Calls for Poaching Probe Grow

Altapress.ruRemains of what conservationalists described as a protected argali sheep, foreground right, at the crash site.
The state environmental watchdog said Thursday that it would ask prosecutors to investigate whether senior federal and regional officials were hunting endangered animals when their helicopter crashed last week in the Altai region, killing seven.

The announcement by the Altai regional branch of the Federal Inspection Service for Natural Resources Use follows accusations by conservationists that the officials, including the Kremlin's envoy to the State Duma, were hunting an endangered species of wild sheep when the Mi-171 helicopter crashed Jan. 9.

Inspectors will ask the Siberian Federal District branch of the Investigative Committee on Friday to examine whether the expedition was hunting illegally, Yury Ivanov, the state watchdog's regional spokesman, told The Moscow Times in a telephone interview.

The watchdog will call for a criminal investigation if violations are found, Ivanov said. "It's at an early stage," he said. "There's still a lot that's unclear."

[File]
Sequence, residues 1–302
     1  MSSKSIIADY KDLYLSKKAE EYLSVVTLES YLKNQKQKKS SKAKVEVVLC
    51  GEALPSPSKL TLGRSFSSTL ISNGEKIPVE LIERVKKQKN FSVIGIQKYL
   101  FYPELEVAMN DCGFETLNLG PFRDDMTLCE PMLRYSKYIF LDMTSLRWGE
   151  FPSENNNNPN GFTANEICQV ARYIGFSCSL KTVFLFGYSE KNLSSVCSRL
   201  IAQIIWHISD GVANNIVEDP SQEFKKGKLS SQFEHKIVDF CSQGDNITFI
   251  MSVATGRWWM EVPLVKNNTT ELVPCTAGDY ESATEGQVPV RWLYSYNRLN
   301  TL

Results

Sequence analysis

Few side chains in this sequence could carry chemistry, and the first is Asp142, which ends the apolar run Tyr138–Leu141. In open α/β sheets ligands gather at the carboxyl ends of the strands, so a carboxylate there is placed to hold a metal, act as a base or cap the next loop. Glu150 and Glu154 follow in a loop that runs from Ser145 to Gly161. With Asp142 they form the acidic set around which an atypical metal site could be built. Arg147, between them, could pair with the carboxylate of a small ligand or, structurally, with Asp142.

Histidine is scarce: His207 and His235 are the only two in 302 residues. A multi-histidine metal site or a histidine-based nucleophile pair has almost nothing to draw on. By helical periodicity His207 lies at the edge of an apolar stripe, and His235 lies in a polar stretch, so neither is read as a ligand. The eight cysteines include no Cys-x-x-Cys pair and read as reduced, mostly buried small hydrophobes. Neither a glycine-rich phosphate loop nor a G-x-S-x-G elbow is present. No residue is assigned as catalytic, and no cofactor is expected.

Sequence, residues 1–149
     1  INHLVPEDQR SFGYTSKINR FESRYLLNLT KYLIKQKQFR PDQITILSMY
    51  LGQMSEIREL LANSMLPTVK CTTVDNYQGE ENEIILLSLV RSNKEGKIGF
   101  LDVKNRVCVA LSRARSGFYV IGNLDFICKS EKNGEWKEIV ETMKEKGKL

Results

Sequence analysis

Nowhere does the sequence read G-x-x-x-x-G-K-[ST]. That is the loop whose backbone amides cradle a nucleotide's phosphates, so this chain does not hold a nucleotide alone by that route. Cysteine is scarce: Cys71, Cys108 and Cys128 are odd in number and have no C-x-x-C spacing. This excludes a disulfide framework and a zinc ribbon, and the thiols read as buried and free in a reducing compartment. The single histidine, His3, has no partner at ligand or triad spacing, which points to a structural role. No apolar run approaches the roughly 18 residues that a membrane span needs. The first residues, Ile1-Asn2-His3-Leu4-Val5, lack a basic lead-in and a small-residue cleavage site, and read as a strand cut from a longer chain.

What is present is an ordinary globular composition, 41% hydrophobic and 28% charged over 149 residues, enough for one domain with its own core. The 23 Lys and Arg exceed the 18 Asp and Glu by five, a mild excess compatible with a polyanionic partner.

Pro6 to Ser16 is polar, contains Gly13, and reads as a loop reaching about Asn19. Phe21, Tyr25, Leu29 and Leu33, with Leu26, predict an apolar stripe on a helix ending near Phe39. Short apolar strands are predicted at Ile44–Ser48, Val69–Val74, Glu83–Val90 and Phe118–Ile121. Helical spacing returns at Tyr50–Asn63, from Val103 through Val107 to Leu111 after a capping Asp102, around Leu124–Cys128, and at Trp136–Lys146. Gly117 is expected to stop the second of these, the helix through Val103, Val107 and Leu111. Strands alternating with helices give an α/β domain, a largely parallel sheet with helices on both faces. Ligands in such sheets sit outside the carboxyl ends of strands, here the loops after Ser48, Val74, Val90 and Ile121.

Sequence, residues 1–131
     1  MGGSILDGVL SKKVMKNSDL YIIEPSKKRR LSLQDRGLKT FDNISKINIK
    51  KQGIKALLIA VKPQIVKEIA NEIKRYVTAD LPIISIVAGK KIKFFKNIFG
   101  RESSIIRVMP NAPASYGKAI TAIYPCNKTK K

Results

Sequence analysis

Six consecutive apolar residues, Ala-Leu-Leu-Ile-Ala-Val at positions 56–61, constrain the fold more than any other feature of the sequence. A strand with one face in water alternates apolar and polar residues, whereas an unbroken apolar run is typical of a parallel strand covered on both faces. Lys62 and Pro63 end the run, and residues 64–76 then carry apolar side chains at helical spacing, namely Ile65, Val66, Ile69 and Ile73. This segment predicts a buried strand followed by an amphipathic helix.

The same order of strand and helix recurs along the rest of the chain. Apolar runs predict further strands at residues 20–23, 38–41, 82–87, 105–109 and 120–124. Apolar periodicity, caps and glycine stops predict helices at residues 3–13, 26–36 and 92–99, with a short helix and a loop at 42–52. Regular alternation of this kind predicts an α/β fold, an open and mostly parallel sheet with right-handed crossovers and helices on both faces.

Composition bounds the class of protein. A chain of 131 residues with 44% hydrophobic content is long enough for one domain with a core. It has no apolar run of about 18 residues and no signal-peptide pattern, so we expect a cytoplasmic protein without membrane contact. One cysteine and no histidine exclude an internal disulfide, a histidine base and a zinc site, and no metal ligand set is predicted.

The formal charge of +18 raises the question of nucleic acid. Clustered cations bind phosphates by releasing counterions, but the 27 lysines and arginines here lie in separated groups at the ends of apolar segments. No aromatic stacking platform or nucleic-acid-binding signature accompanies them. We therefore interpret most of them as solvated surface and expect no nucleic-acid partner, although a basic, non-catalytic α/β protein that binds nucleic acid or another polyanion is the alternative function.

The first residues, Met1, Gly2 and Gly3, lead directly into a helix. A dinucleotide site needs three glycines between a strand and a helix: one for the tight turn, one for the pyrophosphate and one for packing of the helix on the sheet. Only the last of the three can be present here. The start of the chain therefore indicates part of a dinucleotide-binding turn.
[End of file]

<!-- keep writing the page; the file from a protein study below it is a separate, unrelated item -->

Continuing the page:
Alexander Kosopkin, President Dmitry Medvedev's envoy to the Duma, was killed in the crash. State television coverage of Kosopkin's wake late Wednesday made no mention of the illegal hunting allegations, which have been covered widely even in Kremlin-friendly newspapers such as Izvestia.

A photograph of the crash site published by the web site showed carcasses of what conservationists said were protected argali sheep lying next to fragments of the helicopter.

Ivanov said inspectors were appealing to prosecutors not on the basis of the photograph but rather "field work" by his staff.

Oleg Mitvol, the outspoken deputy head of Federal Inspection Service for Natural Resources Use, also called for an investigation Thursday.

"It's very sad that the helicopter crash caused people's deaths, but it's essential to carry out a thorough investigation of the circumstances of this accident," Mitvol said, Interfax reported.

A spokesman for the Altai regional government told Ekho Moskvy radio station on Thursday that the officials had licenses to hunt mountain goats and Siberian stags.

Killed in the crash along with Kosopkin was Sergei Livishin, a senior member of the presidential administration; Viktor Kaymin, a senior Altai environmental official; Gorno-Altaisk aircraft division head Vladimir Podoprigora; and Vasily Vyalkov, the frontman of the regional music band Armanka.

Survivors included Nikolai Kopranov, an adviser to the Duma's Economic Policy Committee, and Boris Belinsky, a Moscow entrepreneur.